The European Centre for Disease Prevention and Control (ECDC) and the European Food Safety Authority (EFSA) have published a report warning of an outbreak of salmonella that has so far affected 272 people in six countries since September 2021.
Twenty-five people have been hospitalised as a result and two people have died.
Most cases have been registered in fast-food restaurants in southern France (216), but also in Spain (22), the United Kingdom (12), the Netherlands (12), Norway (7) and Denmark (3).
They all have the same supplier, ‘Spanish Packing Centre A’, which distributes eggs from Spanish farms along with other animal products to the European countries mentioned.
According to the report, three Spanish farms are responsible for these outbreaks of the Salmonella Enteritidis strain.
It also establishes microbiological connections between the current salmonella outbreak and one that occurred in 2019 in the Netherlands, which was also traced back to Spain.
THE ECDC has warned that the risk of new infections due to affected batches of eggs remains high in the European Union and encourages member states to carry out investigations to detect possible contamination in their food chains.
Despite these warnings, the Spanish Agency for Food Safety and Nutrition (Aesan) has not issued any alert about this outbreak for consumers in Spain.
Spain’s mass production farms have been making headlines recently since the country’s Consumer Affairs Minister told The Guardian they were damaging the environment and producing poor-quality produce.
There have also been six reported outbreaks of bird flu at chicken farms in the southern Spanish region of Andalucia in recent weeks affecting tens of thousands of birds.
In January, the regional governments of Castilla-La Mancha, Aragón, Cataluña and Navarra agreed to prohibit or limit the construction of new intensive livestock farms in their territories.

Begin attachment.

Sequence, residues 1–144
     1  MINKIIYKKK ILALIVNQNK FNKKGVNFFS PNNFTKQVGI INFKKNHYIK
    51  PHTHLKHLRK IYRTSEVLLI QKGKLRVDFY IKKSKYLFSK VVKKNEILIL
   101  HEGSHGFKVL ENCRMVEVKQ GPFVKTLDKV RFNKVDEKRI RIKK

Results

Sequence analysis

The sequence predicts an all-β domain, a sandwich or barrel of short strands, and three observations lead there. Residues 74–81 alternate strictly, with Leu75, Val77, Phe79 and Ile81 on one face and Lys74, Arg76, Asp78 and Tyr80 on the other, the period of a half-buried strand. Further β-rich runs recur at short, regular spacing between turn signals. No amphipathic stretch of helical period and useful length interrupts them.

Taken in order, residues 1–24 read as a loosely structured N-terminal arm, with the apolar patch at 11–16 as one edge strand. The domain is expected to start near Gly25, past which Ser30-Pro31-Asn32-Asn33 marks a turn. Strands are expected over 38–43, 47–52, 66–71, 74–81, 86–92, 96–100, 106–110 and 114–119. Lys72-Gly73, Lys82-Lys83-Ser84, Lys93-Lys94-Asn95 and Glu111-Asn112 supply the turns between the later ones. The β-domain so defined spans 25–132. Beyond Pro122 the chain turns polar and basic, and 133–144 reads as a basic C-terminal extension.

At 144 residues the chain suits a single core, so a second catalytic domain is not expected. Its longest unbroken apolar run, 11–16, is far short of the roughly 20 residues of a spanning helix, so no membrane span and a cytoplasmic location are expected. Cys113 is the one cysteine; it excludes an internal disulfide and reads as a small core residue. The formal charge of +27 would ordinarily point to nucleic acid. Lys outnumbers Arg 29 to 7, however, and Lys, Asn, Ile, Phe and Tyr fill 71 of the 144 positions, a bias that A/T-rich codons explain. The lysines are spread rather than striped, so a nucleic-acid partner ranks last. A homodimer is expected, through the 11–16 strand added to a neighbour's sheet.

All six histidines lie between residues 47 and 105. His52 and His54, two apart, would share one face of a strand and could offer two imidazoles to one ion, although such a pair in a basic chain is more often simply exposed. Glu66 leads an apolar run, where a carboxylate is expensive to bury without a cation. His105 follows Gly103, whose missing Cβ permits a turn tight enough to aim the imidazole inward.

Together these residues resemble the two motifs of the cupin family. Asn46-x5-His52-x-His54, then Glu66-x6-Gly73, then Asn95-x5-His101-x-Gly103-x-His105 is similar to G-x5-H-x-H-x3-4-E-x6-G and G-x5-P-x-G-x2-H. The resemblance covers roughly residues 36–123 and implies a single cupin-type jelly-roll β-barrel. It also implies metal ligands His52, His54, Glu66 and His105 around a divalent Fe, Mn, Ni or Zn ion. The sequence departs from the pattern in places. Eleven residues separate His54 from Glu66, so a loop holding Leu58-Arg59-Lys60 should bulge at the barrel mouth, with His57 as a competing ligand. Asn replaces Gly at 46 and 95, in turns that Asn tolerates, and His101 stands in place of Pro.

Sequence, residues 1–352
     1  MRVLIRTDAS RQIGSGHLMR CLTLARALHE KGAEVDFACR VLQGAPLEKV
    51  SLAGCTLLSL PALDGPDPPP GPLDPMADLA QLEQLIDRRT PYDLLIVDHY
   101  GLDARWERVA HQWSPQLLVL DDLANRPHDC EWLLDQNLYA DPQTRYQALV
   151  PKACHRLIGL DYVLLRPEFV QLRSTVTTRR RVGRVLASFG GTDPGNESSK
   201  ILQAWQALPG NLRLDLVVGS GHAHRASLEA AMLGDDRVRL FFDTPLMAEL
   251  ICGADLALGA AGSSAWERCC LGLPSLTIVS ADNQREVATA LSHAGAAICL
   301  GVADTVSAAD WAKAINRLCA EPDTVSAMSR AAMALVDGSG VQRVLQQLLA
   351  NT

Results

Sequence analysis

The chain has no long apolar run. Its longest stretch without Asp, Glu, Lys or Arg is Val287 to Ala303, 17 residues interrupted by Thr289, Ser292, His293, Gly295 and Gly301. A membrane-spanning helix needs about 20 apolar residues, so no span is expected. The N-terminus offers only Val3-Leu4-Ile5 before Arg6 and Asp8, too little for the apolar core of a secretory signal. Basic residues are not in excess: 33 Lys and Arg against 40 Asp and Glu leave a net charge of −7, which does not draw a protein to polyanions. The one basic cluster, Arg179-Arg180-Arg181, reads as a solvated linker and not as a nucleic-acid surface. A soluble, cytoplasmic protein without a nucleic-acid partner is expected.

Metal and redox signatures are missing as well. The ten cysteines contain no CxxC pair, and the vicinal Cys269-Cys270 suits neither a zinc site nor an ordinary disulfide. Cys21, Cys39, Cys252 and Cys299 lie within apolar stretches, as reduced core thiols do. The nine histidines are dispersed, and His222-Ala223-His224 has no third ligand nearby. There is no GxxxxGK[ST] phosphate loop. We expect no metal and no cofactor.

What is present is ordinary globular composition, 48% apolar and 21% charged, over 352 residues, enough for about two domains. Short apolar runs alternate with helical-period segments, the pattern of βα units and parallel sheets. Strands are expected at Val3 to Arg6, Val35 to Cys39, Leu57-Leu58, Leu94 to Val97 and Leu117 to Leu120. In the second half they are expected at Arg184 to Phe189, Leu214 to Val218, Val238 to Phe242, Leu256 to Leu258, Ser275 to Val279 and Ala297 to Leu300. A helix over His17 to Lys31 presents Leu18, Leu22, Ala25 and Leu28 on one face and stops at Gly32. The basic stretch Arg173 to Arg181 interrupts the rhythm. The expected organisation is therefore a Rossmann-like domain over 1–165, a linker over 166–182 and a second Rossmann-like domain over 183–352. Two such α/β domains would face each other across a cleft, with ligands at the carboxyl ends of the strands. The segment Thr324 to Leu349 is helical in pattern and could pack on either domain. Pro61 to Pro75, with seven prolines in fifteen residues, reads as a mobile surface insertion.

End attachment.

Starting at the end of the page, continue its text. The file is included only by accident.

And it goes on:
Most people with a salmonella infection don’t experience symptoms but those who do can have diarrhoea, fever and stomach cramps, with symptoms usually beginning six hours to six days after infection and lasting four to seven days.
The inside of eggs that appear normal can contain the salmonella germ that can make you sick, especially if you eat raw or partially cooked eggs.
Salmonella is rarely fatal but if the virus enters the bloodstream it can be life-threatening, especially among people with weakened immune systems.
To reduce the chances of getting salmonella, keep eggs refrigerated and only buy eggs from stores that keep them refrigerated, discard cracked or dirty eggs and ensure that food products that contain raw or lightly cooked eggs such as mayonnaise or tiramisu are made only with pasteurised eggs and aren’t kept for long out of the fridge.
Foul-smelling or cracked eggs should also be avoided, and a trick recommended by Spanish consumer watchdog OCU to find out if an egg is not fit for eating is to put it in a glass of water. If it sinks, it’s okay to consume but if it floats it isn’t.